Luna 1 became the first spacecraft to leave the vicinity of Earth’s gravity system on January 4, 1959.
Luna one was powered by mercury-oxide batteries and silver-zinc accumulators. There were five antennae on one hemispheric body. The spacecraft also included radio equipment, a tracking transmitter, and a telemetry system.
Luna 1 was the first spacecraft to leave Earth’s gravity, but it was designed to crash into the moon. Luna’s potential crash was supposed to deliver two metallic pennants with the Soviet coat of arms. It was also supposed to measure temperature and pressure inside the spacecraft, study the gas components of interplanetary matter, calculate the magnetic fields of the Earth and the moon, and study the distribution of heavy nuclei in primary cosmic radiation, among other things.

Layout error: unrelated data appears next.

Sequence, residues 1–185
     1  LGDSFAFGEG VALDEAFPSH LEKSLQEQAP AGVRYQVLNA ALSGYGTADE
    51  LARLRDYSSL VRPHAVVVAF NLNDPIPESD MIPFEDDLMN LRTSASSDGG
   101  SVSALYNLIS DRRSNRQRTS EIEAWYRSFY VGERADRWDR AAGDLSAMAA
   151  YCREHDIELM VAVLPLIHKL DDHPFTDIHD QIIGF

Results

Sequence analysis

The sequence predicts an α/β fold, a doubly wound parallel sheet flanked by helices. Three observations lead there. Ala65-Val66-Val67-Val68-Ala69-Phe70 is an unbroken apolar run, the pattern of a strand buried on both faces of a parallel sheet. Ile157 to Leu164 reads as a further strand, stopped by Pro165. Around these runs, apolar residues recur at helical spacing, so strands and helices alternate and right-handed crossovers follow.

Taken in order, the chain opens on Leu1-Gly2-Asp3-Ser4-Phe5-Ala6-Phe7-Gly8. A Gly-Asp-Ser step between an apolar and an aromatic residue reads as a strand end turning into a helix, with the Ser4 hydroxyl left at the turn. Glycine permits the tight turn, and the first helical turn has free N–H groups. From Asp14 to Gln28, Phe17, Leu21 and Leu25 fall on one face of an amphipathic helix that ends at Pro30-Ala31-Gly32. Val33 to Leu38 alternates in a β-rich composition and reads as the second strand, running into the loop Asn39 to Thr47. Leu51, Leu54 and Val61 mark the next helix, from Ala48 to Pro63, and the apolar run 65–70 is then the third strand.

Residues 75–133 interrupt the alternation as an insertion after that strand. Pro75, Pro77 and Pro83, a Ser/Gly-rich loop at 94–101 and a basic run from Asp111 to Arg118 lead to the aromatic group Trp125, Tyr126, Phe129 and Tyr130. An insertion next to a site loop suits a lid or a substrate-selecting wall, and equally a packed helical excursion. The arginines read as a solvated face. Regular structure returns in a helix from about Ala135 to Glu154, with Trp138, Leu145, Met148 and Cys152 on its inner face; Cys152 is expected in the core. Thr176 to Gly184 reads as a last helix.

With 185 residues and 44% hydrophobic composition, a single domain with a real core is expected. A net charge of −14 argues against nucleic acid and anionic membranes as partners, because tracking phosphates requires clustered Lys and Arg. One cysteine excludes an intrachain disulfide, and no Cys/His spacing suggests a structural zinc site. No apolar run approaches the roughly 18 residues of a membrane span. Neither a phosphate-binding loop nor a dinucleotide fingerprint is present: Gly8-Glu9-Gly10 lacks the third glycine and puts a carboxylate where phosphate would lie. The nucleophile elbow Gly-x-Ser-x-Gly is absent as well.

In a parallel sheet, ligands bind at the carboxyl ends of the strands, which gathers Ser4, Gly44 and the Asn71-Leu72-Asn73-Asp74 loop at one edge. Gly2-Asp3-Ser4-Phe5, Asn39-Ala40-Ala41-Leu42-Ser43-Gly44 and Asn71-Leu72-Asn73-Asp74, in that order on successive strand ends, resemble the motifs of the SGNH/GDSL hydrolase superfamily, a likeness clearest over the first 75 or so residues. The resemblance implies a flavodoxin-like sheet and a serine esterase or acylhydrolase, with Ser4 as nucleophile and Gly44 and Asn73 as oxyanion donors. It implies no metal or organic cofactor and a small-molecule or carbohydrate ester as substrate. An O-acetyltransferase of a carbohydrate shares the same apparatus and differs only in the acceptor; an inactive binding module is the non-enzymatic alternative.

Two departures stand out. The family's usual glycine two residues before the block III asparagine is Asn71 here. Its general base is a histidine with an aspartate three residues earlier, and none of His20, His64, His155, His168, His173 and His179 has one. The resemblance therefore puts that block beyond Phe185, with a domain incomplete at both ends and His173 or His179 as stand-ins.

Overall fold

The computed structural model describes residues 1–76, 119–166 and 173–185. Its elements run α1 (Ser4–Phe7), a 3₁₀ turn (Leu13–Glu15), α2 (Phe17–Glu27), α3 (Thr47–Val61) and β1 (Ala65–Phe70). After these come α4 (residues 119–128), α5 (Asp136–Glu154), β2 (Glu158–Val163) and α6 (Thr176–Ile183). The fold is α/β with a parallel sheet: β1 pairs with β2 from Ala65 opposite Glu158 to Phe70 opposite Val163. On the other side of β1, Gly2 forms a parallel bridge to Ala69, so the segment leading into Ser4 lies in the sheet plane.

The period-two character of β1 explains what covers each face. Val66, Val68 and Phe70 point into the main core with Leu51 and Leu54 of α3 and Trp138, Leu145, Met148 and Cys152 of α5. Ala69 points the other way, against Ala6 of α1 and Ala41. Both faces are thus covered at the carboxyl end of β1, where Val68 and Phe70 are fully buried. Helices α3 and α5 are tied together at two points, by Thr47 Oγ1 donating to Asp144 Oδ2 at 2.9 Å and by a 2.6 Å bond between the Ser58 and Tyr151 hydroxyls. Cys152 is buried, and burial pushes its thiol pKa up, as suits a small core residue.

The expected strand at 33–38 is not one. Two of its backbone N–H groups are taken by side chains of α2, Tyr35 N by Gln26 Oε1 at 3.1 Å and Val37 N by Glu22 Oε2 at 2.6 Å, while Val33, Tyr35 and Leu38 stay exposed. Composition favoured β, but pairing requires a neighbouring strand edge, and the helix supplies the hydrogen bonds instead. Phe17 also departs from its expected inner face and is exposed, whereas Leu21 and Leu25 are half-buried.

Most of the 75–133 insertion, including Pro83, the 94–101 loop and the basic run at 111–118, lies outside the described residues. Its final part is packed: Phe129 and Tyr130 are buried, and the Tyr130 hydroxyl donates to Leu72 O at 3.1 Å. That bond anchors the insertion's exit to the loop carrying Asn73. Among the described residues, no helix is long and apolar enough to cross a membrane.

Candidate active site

Luna one was launched on January 2nd, 1959. The first few stages of the launch went well, but since the engineers did not trust automated systems, the signal to stop firing was transmitted too late. In the end, Luna one missed its target by 5,995 kilometers or 3,725 miles. Nevertheless, the spacecraft passed the moon on January 4, after 34 hours of flight, and reached its unintended milestone.
Luna 1 ran out of battery power on January 5, 1959, when it was 597,000 kilometers, or 371,000 miles, from the Earth.